In our scholarly perception of the urban development of Ephesos, the period of Attalid rule between 188 and 133 BC has so far been of little concern. While literary and epigraphic sources suggest that the city came to be a major administrative centre for the Attalid state, the archaeological evidence available until now is comparatively sparse. Recent research at the western slope of Mount Panayırdağ, around the great theatre of the city, adds considerably to our knowledge of the structural and architectural development of Ephesos from the 2nd century BC onward.
A key monument for our understanding of the history and structure of this city district is a prestigious townhouse which takes up a commanding position above the theatre. The building was in use from the 2nd century BC to the early 7th century AD and was reminiscent of contemporary palace architecture during each of its main phases. Its setting took thorough account of the surrounding urban landscape in order to create particular spatial relations and visual perspectives. While earlier studies on the urban development of Ephesos postulated that the cityscape was monumentalized only in the Augustan period, the new evidence suggests that already the Hellenistic townhouse was part of a carefully coordinated building programme which fundamentally changed the urban topography.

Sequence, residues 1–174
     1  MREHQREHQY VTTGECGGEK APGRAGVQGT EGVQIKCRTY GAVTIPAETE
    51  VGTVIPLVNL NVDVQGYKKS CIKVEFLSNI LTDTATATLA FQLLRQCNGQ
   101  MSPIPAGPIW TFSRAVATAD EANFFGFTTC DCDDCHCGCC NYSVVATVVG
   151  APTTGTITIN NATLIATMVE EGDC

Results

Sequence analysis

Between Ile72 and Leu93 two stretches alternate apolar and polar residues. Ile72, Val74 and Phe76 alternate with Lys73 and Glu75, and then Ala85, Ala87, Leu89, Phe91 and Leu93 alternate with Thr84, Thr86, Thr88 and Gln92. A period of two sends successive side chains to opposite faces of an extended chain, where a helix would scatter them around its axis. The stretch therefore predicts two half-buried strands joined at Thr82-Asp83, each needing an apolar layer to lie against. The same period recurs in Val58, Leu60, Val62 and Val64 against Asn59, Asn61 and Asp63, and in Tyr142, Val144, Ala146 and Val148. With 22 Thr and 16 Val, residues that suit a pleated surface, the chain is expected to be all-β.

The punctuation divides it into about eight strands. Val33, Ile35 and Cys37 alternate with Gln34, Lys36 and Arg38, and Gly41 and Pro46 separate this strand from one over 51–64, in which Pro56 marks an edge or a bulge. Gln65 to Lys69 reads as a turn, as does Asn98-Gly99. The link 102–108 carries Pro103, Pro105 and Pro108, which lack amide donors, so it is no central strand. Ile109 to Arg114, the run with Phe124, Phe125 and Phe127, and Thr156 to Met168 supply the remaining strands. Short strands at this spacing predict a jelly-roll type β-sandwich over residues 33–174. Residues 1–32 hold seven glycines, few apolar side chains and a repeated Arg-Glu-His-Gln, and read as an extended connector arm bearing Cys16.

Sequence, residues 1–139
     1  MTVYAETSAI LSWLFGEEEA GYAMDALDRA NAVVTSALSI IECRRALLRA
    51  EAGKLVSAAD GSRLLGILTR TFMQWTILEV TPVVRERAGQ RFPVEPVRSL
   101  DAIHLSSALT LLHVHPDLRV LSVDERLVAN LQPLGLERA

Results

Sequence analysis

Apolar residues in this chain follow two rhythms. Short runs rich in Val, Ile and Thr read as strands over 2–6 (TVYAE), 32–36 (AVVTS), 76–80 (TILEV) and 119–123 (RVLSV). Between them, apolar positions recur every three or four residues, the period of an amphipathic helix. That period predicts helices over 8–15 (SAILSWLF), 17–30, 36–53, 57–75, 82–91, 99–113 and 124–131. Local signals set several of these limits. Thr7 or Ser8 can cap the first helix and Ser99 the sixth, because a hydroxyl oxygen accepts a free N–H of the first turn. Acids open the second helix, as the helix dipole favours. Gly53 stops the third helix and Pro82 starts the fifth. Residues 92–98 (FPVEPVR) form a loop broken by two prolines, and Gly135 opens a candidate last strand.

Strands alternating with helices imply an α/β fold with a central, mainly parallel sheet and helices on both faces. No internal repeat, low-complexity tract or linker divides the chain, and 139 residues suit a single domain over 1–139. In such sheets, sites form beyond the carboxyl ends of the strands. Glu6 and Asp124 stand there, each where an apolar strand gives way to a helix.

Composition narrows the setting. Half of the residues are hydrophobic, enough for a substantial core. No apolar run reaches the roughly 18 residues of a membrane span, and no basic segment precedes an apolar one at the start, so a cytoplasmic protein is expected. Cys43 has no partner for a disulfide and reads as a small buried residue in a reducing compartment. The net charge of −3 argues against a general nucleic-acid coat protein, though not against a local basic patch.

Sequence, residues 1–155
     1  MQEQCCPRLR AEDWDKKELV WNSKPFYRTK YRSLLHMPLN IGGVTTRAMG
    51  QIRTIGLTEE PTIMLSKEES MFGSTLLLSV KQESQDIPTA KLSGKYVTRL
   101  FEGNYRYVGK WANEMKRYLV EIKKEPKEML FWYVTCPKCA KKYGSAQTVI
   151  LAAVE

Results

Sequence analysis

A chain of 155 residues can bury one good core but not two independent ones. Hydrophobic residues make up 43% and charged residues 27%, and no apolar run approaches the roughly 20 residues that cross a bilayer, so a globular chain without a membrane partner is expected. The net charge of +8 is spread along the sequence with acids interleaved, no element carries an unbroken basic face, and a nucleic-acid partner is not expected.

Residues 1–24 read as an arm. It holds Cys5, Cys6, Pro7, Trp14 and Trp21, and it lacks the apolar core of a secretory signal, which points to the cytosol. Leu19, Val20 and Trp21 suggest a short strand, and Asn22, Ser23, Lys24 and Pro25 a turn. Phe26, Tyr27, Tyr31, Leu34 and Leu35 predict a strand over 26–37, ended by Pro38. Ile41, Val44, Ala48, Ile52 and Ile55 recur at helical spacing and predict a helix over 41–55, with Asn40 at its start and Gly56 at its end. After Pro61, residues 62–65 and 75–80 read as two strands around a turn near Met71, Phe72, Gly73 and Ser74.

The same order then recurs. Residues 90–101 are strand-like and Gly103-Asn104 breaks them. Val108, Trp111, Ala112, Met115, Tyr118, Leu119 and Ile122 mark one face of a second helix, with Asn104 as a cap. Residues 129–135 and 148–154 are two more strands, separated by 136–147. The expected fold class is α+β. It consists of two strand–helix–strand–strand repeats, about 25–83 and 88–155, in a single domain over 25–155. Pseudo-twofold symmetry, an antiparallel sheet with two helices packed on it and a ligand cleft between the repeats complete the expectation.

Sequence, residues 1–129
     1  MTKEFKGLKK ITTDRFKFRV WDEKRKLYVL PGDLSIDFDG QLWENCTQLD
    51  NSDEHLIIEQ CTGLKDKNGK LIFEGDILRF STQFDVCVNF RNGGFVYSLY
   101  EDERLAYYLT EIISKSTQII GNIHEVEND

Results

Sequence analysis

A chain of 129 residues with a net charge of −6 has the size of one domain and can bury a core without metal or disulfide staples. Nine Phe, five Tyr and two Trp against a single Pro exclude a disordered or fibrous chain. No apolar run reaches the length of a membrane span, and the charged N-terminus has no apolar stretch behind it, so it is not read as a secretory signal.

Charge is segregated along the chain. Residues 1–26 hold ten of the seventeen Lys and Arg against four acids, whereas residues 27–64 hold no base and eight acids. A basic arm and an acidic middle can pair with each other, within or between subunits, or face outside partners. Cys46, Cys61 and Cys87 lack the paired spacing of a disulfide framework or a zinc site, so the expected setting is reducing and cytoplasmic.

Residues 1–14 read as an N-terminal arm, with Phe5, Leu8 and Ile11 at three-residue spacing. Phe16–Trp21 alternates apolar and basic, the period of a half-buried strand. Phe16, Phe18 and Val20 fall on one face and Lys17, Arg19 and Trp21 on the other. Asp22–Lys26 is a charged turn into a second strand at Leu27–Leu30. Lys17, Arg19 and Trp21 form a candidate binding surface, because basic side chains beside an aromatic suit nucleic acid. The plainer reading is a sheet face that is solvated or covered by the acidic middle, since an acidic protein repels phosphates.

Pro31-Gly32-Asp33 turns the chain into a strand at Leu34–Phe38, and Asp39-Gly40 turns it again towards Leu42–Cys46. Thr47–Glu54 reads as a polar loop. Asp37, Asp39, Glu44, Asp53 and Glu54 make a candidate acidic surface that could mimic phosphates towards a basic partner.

Against the background of the historical development of Ephesos, there is much reason to assume that the new image of the city was designed according to a particular political strategy. The same may be true for huge construction activities which remodelled the city district above the theatre during the first half of the 2nd century AD. The presentation shall put up for discussion whether we may consider the townhouse one of the few excavated examples of a Hellenistic governor’s palace that continued to be used by the Roman administration. The discussed evidence may add to the debate on how political and ideological power was displayed by means of architecture and town-planning.